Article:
Needless to say, I will not be recommending this comic to people in the future, especially to other trans* folk. Mistakes happen and can be forgiven. But silencing techniques and the defense of one’s actions further feeds the cycle of systematic oppression that is all too familiar. And when someone is specifically trying to point out to you that your actions are feeding into this systematic oppression? The irony isn’t funny or cool. It really only further proves the point being made, even if you yourself can’t see it.

13 Responses to “Guest Post: I Am Not – Your Hipster Punchline”

  1. … wow, holy fuck.

    I read the rest of the story arc.

    Which leads into the trans woman being physically assaulted by a cis woman. HOORAY FOR TRANS BASHING VIOLENCE.

    (The next comic after that shows that hey, it’s okay, the “tranny” wanted it all along! Because there’s nothing that trans women like more than BEING ASSAULTED, way to send a good, positive, pro-trans message there, stupid fucking cis artist.)

  2. Yeah, I wasn’t terribly impressed with that part either. The verbal abuse of the main character and her coworkers is bad… but the abuse of the trans woman is okay? Even without the ending the irony is astounding.

    Of course, I could just be “oversensitive” about it all, ya?

  3. 3 nome

    About another term for “passing,” I’ve seen “blending” or “passed as” also thrown around but my ABSOLUTE favorite is to simply say “read correctly.” It doesn’t imply that the trans person is trying to do anything other than be seen as they wish to be.

    I really enjoyed reading your post. I had this column pointed out to me when it came out and was equally enraged.

  4. 4 Sas

    When I read about this situation last month, it was my first exposure to this webcomic and that was just about as awful a first impression as one can get. I was most appalled that she was able to say that she didn’t intend it to be hateful and hurtful, while she intentionally drew a trans woman like that. I’m sure all of her reported friends who let her say ‘tranny’ would just LOVE to be drawn that way.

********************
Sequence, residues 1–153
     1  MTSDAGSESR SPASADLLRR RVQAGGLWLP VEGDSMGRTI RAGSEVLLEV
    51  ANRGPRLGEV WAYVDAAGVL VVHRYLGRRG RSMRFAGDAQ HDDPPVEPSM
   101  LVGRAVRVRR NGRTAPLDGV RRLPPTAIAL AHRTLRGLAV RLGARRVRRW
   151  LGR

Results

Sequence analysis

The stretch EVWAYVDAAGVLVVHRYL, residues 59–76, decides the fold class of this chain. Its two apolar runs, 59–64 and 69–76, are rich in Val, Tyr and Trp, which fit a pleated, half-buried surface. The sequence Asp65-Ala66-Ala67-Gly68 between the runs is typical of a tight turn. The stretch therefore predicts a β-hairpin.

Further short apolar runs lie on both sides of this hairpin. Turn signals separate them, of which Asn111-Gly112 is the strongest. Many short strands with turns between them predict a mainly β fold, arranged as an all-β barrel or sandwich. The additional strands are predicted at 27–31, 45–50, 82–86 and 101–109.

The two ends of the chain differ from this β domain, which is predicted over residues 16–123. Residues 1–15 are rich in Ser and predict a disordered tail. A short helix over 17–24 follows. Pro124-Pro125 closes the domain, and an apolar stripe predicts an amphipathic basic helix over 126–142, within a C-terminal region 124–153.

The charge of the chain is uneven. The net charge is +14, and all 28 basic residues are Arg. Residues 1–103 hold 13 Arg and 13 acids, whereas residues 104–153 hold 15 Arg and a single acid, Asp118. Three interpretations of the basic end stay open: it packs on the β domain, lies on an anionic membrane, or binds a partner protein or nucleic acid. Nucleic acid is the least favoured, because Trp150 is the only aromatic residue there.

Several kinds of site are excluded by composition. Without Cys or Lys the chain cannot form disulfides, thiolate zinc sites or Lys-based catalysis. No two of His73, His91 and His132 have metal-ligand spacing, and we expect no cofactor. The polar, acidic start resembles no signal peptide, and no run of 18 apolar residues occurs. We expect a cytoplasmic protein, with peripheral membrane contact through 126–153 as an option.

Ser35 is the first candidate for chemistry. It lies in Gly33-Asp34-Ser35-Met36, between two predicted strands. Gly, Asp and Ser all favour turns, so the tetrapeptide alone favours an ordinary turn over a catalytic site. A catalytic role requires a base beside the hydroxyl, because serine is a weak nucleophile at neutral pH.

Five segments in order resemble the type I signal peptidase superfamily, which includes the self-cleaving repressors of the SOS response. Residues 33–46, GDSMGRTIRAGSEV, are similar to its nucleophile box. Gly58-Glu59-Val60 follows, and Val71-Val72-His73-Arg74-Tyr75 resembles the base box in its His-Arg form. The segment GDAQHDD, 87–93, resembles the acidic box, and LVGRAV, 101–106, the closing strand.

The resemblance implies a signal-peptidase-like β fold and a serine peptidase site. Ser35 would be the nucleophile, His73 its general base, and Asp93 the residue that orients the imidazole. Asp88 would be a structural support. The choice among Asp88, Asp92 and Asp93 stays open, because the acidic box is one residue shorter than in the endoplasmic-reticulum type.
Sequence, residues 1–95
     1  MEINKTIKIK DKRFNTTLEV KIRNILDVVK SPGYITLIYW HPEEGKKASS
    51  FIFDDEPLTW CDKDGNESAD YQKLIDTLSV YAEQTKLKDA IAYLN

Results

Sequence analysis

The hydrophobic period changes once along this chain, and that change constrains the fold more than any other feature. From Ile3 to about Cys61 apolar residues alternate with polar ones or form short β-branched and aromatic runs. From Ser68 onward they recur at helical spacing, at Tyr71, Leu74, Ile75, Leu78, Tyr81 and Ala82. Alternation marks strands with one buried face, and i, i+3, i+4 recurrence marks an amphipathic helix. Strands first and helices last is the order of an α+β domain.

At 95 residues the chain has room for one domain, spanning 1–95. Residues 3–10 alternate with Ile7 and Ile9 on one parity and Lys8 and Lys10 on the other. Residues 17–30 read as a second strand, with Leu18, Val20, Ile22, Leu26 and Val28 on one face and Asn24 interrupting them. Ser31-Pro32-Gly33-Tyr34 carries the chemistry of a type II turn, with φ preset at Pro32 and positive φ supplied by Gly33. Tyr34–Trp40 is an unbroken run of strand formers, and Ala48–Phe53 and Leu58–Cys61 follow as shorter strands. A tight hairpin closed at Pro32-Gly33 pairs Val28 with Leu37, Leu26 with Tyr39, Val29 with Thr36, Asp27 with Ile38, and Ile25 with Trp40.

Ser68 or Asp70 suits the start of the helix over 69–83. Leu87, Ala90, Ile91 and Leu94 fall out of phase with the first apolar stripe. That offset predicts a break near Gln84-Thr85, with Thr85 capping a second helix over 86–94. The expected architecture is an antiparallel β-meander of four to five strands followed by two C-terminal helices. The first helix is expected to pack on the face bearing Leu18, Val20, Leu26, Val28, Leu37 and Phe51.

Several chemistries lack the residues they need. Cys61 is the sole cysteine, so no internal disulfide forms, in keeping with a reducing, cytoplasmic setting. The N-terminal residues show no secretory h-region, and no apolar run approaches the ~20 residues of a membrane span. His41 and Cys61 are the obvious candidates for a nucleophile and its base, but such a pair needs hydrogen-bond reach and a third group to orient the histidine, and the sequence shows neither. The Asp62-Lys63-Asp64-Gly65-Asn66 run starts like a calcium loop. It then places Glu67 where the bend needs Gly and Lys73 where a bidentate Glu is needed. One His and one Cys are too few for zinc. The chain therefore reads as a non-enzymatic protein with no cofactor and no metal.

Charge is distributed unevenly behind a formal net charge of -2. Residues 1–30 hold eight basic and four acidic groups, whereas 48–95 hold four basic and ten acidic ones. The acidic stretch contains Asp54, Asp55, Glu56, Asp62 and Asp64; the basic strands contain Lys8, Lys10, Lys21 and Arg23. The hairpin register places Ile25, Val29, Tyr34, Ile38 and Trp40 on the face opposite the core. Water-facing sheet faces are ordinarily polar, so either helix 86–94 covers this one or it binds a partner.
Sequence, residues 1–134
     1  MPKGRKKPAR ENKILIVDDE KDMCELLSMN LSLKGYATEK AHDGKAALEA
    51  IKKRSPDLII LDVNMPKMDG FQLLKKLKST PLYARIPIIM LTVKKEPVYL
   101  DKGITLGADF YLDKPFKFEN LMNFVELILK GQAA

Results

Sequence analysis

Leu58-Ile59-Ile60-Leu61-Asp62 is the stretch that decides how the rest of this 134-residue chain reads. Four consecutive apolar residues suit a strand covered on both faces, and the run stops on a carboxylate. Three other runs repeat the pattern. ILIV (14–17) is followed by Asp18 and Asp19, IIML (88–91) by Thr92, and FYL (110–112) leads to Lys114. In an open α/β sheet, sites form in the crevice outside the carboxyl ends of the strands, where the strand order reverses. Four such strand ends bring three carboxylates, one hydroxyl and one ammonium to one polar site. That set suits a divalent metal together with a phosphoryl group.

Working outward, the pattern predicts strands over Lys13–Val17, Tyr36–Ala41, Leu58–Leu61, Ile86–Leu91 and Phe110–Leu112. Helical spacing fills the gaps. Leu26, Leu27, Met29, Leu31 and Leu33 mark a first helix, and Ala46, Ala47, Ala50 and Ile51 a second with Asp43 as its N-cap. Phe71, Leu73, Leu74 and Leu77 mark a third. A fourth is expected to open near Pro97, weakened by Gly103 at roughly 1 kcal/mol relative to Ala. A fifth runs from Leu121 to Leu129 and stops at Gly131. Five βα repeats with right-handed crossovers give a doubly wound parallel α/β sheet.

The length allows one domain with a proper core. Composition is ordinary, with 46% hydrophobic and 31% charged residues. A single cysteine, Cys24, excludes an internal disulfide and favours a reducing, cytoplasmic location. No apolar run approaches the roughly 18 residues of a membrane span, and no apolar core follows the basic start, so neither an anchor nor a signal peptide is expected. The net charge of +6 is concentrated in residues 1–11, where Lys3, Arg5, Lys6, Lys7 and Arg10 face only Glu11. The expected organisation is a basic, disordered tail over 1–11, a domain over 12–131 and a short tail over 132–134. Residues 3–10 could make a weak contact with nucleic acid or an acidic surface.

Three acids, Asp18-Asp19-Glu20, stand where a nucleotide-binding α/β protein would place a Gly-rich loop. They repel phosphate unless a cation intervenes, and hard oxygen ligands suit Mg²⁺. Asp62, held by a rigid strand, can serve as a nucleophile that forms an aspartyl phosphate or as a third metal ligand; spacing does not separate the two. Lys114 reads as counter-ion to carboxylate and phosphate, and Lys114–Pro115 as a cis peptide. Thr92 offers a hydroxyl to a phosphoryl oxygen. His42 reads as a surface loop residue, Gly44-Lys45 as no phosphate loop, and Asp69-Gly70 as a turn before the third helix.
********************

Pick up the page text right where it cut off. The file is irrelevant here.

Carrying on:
If hipster douchery was a proton, she’d be the Large Hadron Collider. :P

  5. “Blending” is a term I could grow fond of using. Unfortunately “read correctly” can exclude nonbinary and genderqueer folk because of the binarism of society, but that’s less a problem with the term itself and more a problem with people’s perception of gender as a whole. Especially for those who are not actively trying to present as anything in particular at the time.

    All in all though, thank you for the input – it’s definitely something to think about :)

  6. I agree, it’s not a very good first impression. For me it was just a closing deal. Despite having greatly liked the comic, her attitude to polite criticism (though I will acknowledge that some of it was not so polite, which was highly unfortunate and didn’t help matters) was a serious problem that I cannot forgive. To make matters worse, I have a feeling that nothing’s changed. Her ableism displayed in later comics doesn’t comfort this feeling at all.

  7. 7 nome

    Mhm, I am genderqueer and face this problem a lot. The answer is just that I won’t get read correctly. For myself, I use “pass” because that’s how I feel. I am passing for something I am not, either a man or a woman. Different people find different coping mechanisms. I shy from “blend” for myself because that is never my goal. But I think it breaks down differently depending on the person.

  8. What a shitty comic.

    What a shitty gaggle of enabling commenters she has.

  9. The comments were the worst. It’s difficult to stay as respectable as I possibly can when I’m getting silenced from all directions, though I tried my best. I hope I succeeded. Eventually I had to pull out because the stress was just too much – but hey, that’s what a post is for, ya?

  10. 10 bellim

    Not everyone was polite (seems like it would be ridiculously difficult to be so) but you gave a perfect, rational explanation of the problem and gently invited her to make amends, but she still didn’t listen! People make really sad choices based on who they view as normal/human.

    Also, this: (from the comments)

    “You are the reason I as a queer cis woman can’t have nice things. Thanks a lot, assholes. Thanks for making my life harder and making every trans person I ever meet think I’m going to be an ignorant transphobic piece of shit. ”

    Sure, I definitely screw up as a cis ally, and I’m still dealing with my cissexism. But I am angry to be represented by the unrepentant transphobes of the world, and that just gives me another reason to try to teach them.

    RP: Thanks for the post! I appreciate any content at your site.

  11. 11 Aumentou

    For me the worst bit was not the comic itself – because that could be simple ignorance – but the “defence” in the comments. That was just horrible.

  12. Along nome’s line of “read correctly, ” I’m a big fan of “perceived as their presented gender.” It makes clear that the issue isn’t with the individual’s presentation (which I think “passing” implies) but that it’s with how others perceive and/or them. In any event, thanks for the post!

  13. I agree – but that is how you can see a person’s real colors. Which is unfortunate but informative and sometimes necessary. I don’t like it, but sometimes listening to a person defend themselves and their mistakes is the best way to learn about them.